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High-profile people are distancing themselves from Snap

Melody Hahm
Senior Writer
Chrissy Teigen, a model who became an even more popular celebrity through her prolific and often humorous use of social media, just dealt Snapchat a blow.

While Facebook is dominating mindshare when it comes to privacy issues and tech behemoths, Snap has been experiencing its fair share of woes, losing the trust and interest of key influencers.

Last month, Kylie Jenner bemoaned Snapchat’s (SNAP) redesign to her 25 million followers on Twitter. Her single tweet sent Snap stock down as much as 8% in mid-afternoon trading, or about $1.3 billion. The tweet also spurred an uptick in short-selling, according to S3 Partners. Prior to Jenner’s tweet, Citigroup downgraded the stock from neutral to sell because of the negative feedback on the redesign.

Eleven minutes later, Jenner replied to her original tweet saying Snap is still her “first love,” as if she were dramatically ending a relationship.

Jenner, 20, the youngest of the Kardashian sisters, represents the app’s core user base — teens and young adults. Snapchat, which has always been criticized for being unintuitive to users, previously allowed you to see content from all of your Snapchat friends in one place. The controversial redesign separates your friends from celebrities, influencers and publishers, making it a cumbersome process to move back and forth.

Unfortunately for Snap, the redesign, which rolled out on Feb. 6, is merely one factor in user outrage.

Earlier this month, Snap approved an ad for a third-party game called “Would You Rather!” that presented users with two options — “Slap Rihanna” or “Punch Chris Brown.” The premise is ridiculous in any situation, but a particularly sensitive match-up as it refers to Chris Brown being charged with assault on his ex-girlfriend Rihanna in 2009.


Over a year ago, I explained how Snap was setting itself apart from the likes of Facebook (FB) and Twitter (TWTR) by cracking down on clickbait and banning explicit images, especially because its audience tends to skew younger. Then, last month, Snapchat opened its marketing API for all developers to use, which essentially opens up the floodgates in a sense. And, just this week, Mashable reported that Snap is developing a new tab called “Connected Apps,” which would allow users to connect third-party apps with their Snapchat account. If this sounds eerily familiar, it’s because it’s precisely the reason that Facebook has been in hot water.

Snap removed the ad on March 12, issuing the following statement: “The advert was reviewed and approved in error, as it violates our advertising guidelines.”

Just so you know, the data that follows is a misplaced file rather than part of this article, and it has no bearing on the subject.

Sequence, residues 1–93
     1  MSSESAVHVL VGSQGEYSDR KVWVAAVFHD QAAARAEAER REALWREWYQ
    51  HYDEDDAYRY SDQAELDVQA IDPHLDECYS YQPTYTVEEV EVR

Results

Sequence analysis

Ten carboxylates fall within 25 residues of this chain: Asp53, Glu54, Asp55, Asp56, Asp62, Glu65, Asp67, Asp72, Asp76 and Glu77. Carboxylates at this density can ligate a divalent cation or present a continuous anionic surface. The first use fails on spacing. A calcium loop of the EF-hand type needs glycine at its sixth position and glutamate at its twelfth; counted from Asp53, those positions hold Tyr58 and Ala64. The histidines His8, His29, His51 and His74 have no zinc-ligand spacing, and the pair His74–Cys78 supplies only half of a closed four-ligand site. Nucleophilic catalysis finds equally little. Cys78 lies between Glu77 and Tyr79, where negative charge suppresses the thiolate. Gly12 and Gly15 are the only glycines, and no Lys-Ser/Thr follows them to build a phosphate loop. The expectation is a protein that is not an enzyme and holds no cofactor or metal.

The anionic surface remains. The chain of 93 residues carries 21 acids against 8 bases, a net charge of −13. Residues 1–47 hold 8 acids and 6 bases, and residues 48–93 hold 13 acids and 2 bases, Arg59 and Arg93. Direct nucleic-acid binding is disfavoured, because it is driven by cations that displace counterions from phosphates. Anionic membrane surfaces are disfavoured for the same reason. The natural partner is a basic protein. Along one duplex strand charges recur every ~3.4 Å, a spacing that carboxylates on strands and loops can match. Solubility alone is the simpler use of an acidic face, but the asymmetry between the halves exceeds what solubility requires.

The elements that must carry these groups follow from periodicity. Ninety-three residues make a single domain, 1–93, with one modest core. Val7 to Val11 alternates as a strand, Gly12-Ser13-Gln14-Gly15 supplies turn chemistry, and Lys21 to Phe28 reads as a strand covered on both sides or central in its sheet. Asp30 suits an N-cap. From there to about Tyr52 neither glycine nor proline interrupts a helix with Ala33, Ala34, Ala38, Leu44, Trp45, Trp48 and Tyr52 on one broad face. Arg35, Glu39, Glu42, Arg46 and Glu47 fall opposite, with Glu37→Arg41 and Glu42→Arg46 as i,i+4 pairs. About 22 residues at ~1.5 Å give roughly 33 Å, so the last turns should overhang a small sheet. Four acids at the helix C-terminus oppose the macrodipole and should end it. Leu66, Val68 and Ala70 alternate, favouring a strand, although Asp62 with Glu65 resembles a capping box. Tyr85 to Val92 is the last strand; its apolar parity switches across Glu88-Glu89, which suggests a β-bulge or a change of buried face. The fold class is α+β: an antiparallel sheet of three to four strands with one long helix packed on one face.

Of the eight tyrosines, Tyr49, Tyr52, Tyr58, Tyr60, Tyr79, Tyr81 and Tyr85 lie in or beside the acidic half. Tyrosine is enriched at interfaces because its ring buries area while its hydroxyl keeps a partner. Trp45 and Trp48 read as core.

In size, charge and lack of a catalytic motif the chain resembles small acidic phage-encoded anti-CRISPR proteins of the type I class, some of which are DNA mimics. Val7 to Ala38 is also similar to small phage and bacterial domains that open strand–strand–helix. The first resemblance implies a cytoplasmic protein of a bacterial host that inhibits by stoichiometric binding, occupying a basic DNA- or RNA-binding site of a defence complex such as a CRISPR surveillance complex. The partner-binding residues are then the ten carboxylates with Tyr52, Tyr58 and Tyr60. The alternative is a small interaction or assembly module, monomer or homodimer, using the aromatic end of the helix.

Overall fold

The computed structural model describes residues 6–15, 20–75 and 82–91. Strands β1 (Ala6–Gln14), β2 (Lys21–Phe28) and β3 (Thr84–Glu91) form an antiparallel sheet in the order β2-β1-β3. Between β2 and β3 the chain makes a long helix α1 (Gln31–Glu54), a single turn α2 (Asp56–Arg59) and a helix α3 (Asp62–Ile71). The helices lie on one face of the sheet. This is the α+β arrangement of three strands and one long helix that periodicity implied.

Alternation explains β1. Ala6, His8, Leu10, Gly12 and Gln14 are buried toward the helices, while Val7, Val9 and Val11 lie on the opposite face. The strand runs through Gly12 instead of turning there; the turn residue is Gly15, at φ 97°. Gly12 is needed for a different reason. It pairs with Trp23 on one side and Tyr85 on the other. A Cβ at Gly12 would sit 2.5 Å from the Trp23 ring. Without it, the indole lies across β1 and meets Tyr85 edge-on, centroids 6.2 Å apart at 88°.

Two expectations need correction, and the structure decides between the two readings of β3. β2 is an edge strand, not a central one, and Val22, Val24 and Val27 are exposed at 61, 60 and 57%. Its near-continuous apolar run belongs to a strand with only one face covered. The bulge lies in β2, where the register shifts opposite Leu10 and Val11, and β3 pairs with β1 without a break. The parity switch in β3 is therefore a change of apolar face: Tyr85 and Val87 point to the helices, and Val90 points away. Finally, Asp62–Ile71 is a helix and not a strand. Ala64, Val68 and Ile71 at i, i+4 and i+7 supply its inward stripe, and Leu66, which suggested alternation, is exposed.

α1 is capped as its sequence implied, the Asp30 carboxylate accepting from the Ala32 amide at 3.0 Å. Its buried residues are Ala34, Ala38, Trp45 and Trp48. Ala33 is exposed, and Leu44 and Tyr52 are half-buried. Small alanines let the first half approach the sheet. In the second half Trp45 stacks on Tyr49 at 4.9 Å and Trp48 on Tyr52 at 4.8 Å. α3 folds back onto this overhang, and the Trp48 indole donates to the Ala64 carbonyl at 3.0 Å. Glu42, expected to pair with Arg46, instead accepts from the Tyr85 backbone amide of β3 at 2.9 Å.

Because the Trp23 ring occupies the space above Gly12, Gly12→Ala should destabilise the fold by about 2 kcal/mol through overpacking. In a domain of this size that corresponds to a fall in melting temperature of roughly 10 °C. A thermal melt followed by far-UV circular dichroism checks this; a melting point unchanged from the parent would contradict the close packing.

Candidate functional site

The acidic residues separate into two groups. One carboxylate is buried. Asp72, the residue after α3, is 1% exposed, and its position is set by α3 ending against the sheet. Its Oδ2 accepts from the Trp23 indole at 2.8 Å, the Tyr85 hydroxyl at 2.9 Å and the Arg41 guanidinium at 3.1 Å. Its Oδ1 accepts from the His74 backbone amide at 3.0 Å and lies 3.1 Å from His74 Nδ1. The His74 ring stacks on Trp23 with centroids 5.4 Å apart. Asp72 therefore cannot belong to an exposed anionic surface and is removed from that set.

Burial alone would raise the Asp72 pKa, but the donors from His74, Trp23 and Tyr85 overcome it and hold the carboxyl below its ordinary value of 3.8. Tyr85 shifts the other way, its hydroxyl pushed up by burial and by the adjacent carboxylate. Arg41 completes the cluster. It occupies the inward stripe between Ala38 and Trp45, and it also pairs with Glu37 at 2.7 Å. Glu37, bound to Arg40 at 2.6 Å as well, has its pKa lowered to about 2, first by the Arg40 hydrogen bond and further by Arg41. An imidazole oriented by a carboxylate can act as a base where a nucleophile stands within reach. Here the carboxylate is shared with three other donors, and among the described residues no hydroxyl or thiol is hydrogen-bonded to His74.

Rihanna was not convinced by the so-called apology, expressing her frustration to her 61 million followers through an Instagram story: “Now Snapchat, I know you already know you ain’t my fav app out there! But I’m just trying to figure out what the point was with this mess. I’d love to call it ignorance but I know you ain’t that dumb! You spent money to animate something that would intentionally bring shame to DV [domestic violence] victims and made a joke of it!!! … Shame on you. Throw the whole app-oligy away.”


If the backlash generated by Jenner and Rihanna wasn’t enough, model Chrissy Teigen, arguably the most outspoken celebrity on social media, has also ditched the app. She expressed her disdain for the app to her 10 million followers on Twitter. The “constant complaints of people not being able to find [her]” coupled with the Rihanna poll made her leave the platform. (I, for one, had basically only used Snapchat to follow Chrissy’s cooking and baby updates).

Former first daughter Chelsea Clinton also tweeted about the Rihanna ad, calling out Snap for approving it in the first place.

High-profile celebrities aren’t the only ones frustrated with Snap, but are certainly exacerbating the outrage of the average Snapchatter. Some 1.3 million (and counting) users have signed a petition on change.org  calling for Snap to return to its old design. Snap issued a response that suggests there’s no going back. “This new foundation is just the beginning, and we will always listen closely to find new ways to make the service better for everyone. We are grateful for your enthusiasm and creativity. We are very excited for what’s ahead.”

And, if users are no longer excited about Snapchat, brands who advertise on the platform likely won’t be either. In a since-deleted Twitter poll, Maybelline’s official account asked its 670,000 users: “Snapchat views have dropped dramatically..Should Maybelline stay on Snapchat?” Prior to its removal, 81% voted “No, I like IG Stories,” and 19% replied “Yes, please don’t leave!” Maybelline claims a rogue employee published the poll and said it has a “strong partnership” with Snap.

So, will users actually delete the app? It turns out they aren’t. Snapchat downloads in the U.S. went up 41% to 76% in the week following the redesign rollout, according to data provided exclusively to TechCrunch. Perhaps bad news could be good news for Snap and a resurgence in interest and curiosity for the app.

Melody Hahm is a senior writer at Yahoo Finance, covering entrepreneurship, technology and real estate. Follow her on Twitter @melodyhahm.

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